Orlando Appraisal Blog

David H. Stevens details the new RESPA rule and the role of the broker and stabilization in housing
March 3rd, 2010 6:47 PM
David%20Stevens National Mortgage Professional Magazine recently had an opportunity to chat with David H. Stevens, Assistant Secretary for Housing at the U.S. Department of Housing & Urban Development (HUD), and 27th Commissioner of the Federal Housing Administration (FHA). A graduate of the University of Colorado, Boulder, Stevens has a strong background in housing, including experience in finance, construction, sales, mortgage acquisition and investment, and regulatory oversight.

Stevens is quoted in National Mortgage Professional Magazine: "I worked for Golden West from 1983 until about 1998. It was a very different program back then because when it started, the loan required a substantial downpayment and there was no secondary financing on those loans. The borrower typically came in with a 25 percent downpayment on those loans. You were dealing with a different sort of clientele. At the institution I worked at, Golden West, all the loans were held in portfolio, so the entire credit risk and interest rate spectrum was held on balance sheets."

"The scrutiny on qualification and scrutiny on property value was infamous at World Savings, where we personally appraised every single property."

"As a manager at World Savings, we rented caravans and loaded them with underwriters and originators, and drove to the properties that had been appraised over the previous month with loan files in hand, to evaluate the quality of loans we were doing. That focus on credit quality that Herb and Marion Sandler instilled in that company over the years is why Golden West was such a darling of Wall Street for decades."

Erick C. Peck of the National Mortgage Professional Magazine asked of Stevens: "Concerning the new appraisal rules coming out of HUD, would you consider permitting a “blind ordering” so that any originator, no matter what channel of origination, can order the appraisal in an effort to accommodate the portability of an appraisal from lender to lender and save the consumer additional expenses?"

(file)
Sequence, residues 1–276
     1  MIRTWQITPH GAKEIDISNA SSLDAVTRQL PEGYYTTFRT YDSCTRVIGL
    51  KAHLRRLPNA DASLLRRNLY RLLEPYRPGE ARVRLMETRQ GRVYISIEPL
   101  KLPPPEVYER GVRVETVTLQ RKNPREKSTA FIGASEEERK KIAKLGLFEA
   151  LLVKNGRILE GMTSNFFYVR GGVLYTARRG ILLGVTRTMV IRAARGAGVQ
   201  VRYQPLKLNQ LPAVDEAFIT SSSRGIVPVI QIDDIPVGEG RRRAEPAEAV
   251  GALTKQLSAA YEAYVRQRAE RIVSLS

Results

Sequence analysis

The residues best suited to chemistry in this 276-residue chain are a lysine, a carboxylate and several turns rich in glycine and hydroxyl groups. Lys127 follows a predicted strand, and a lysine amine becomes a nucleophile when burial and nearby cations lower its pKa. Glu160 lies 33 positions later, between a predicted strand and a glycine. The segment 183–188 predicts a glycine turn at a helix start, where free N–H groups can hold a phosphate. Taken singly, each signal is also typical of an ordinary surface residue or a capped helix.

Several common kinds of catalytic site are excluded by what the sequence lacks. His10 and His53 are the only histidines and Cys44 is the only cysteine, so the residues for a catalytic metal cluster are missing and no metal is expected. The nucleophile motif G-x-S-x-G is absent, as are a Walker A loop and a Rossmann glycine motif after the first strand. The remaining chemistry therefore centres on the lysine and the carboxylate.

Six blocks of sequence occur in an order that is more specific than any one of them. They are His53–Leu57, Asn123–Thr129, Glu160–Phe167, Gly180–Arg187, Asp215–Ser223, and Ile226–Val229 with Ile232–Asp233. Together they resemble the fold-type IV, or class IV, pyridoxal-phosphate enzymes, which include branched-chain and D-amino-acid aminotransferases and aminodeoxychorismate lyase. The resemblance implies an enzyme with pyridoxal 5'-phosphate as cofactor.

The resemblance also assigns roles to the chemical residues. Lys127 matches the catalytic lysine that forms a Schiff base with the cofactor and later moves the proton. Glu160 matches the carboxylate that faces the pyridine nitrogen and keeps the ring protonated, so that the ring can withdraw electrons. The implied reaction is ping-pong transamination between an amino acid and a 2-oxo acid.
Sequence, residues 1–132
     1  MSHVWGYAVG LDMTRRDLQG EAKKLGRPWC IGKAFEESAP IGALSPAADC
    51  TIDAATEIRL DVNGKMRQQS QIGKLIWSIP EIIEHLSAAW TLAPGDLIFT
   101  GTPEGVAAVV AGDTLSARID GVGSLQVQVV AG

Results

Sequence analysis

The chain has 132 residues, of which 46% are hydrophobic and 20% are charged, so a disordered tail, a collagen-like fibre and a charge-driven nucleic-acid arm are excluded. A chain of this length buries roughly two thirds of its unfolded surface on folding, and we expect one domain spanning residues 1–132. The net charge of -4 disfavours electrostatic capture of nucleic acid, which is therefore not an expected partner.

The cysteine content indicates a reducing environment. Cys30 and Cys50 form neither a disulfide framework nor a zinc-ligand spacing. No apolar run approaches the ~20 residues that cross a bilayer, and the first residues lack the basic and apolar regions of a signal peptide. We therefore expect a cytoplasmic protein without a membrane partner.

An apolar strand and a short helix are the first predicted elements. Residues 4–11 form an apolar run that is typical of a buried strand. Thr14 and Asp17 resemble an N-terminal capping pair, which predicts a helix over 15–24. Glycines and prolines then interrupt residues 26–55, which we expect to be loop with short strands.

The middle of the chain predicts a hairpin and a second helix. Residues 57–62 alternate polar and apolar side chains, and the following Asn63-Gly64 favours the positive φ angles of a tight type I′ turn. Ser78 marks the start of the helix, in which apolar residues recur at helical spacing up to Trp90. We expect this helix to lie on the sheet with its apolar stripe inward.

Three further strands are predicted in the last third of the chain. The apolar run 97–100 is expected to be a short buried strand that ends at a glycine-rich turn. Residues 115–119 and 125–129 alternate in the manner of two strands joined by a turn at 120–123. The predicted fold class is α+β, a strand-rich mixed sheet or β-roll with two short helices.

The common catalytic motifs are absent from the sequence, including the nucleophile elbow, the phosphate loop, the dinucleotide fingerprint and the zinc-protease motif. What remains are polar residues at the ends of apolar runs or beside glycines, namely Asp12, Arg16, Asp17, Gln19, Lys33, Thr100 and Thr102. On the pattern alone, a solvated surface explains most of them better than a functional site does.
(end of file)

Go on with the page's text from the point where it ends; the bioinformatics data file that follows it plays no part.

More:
Stevens replied: "I do think the blind ordering of appraisals is the one thing that was the strongest piece of the Home Valuation Code of Conduct (HVCC) that everyone universally understands and agrees with … taking away the influence factor in the appraisal ordering is critical. We also believe that portability is important, so controlling the appraisal channel and having it directed is a concern to me because should that loan be turned down and the borrower wants to go somewhere else, do they need that appraisal at the next firm or do they need to pay a new appraisal fee?"

"It continues to be an expensive way to complete the transaction. However we get there, I think the idea you presented is the kind of concept that we continue to talk about … how to make the appraisal stay and take away that influence factor, keep it arms-length, but also not make this another setback to the consumer who needs that appraisal and may need an appraisal for a different institution."

Click here to read the complete article.


FHA Commissioner David Stevens at NAMB 2010 Legislative Conference

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Posted by Alexis Olmo on March 3rd, 2010 6:47 PMPost a Comment

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